However, after 2005, some major issues emerged between both the allies including, but not limited to, drone strikes in FATA; Indo-US Nuclear deal; Haqqani Network and Dr A.Q Khan’s alleged role in nuclear proliferation. This schism further deteriorated the relations of both the countries and led to a huge trust-deficit between Islamabad and Washington.
The tumultuous events of 2011 also exacerbated the situation. In the first half of 2011, the Raymond Davis episode, killing of Osama bin Laden in Abbottabad and then the partial suspension of US security assistance to Pakistan again strained this relationship. Osama’s death intensified the distrust of Pakistan’s role in war on terror among the US authorities.
Another such incident was the Salala check post attack of November 26, 2011, in which 24 Pakistani soldiers were martyred by the US forces. The situation reached to such an extreme boiling point that Pakistan blocked the Nato supply routes to Afghanistan; got evicted the Shamsi Airbase from the US and also boycotted the Bonn Conference on Afghanistan that was to be held in Germany. Islamabad demanded an unconditional apology from Washington and after a formal apology, the supply lines were restored in July 2012.
The US was also infuriated by the signing of Pak-Iran gas pipeline. Despite the US warnings, former president Asif Ali Zardari went on to sign the agreement in May 2013.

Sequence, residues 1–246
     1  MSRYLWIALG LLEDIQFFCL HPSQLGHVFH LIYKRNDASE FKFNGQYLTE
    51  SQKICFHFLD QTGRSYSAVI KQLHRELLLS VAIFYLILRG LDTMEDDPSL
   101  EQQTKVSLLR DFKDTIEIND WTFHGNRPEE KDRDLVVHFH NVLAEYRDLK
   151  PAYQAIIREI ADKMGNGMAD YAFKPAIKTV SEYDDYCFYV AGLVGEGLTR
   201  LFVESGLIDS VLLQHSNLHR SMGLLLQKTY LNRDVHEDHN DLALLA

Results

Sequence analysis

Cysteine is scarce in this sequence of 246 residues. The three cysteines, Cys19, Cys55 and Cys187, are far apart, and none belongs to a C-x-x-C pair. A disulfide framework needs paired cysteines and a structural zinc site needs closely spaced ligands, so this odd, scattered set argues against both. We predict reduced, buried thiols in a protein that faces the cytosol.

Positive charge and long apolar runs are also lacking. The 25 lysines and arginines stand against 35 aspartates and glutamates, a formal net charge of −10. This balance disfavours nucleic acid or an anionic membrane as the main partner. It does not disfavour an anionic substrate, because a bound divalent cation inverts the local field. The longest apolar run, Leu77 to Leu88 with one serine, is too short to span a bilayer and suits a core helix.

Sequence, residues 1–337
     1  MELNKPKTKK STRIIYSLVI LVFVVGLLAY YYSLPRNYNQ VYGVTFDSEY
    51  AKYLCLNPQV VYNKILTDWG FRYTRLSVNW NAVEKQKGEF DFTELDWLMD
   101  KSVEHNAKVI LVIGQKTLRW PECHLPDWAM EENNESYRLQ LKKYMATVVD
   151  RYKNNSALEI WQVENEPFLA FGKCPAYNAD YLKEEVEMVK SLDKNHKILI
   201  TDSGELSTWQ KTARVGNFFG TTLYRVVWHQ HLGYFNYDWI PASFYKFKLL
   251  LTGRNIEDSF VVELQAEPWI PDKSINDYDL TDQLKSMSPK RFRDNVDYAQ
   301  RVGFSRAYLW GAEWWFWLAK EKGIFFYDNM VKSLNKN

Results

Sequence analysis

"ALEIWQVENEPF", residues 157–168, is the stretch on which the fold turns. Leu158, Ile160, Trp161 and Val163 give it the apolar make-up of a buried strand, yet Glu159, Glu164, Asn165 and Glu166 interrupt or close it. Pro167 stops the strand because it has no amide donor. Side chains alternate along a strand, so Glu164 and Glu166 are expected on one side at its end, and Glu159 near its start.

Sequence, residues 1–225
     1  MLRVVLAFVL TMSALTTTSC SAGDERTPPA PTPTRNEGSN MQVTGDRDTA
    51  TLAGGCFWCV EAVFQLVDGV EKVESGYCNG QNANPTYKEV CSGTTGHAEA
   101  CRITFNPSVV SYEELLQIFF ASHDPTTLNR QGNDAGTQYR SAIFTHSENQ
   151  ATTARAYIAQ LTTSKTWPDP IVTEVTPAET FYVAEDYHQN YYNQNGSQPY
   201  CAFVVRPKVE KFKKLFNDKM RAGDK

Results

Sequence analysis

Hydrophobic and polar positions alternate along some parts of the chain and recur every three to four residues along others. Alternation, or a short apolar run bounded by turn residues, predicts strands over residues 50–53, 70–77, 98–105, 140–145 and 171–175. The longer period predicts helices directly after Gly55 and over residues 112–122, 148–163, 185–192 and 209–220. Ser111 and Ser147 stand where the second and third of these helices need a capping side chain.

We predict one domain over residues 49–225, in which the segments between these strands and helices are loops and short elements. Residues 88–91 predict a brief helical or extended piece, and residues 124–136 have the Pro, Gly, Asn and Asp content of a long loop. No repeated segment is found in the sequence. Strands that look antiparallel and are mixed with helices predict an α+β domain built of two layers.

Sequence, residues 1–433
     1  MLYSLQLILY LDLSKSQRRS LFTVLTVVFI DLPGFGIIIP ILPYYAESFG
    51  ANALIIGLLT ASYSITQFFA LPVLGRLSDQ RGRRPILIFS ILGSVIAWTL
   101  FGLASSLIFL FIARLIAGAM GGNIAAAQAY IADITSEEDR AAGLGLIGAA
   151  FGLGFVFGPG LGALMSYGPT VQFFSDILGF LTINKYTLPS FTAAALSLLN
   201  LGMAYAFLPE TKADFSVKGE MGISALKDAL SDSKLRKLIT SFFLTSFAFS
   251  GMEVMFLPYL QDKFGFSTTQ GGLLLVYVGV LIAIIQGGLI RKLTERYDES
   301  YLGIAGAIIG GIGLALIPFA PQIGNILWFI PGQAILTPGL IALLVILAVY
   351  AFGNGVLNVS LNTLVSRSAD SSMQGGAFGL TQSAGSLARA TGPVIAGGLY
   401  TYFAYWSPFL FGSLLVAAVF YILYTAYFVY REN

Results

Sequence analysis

China’s huge investments in Pakistan especially her involvement in Gwadar also irks the US as it considers that this jeopardizes its interests in the region.
The crux of the matter is that the US does not acknowledge Pakistan’s endeavours and sacrifices in war on terror. The ‘do more’ mantra created a lot of resentment in Pakistan and has further intensified the lack of trust in US among the Pakistanis. Pakistan is justified in this case. It is the time for Washington to realize that its policy towards Pakistan has been flawed and it still lacks balance that serves neither its interests nor those of Pakistan. The US treats Pakistan as a hireling. It has to be changed now for the sake of better Pak-US relations.
Pakistan too have to realize that the US has its own interests in the region. Islamabad cannot afford complete disengagement with Washington because of country’s debt ridden economy. Instead of being hostile to the US, Pakistan should strive to gain a rebalance in ties with Washington.
Department of Political Science,
University of Peshawar.
He can be reached at firstname.lastname@example.org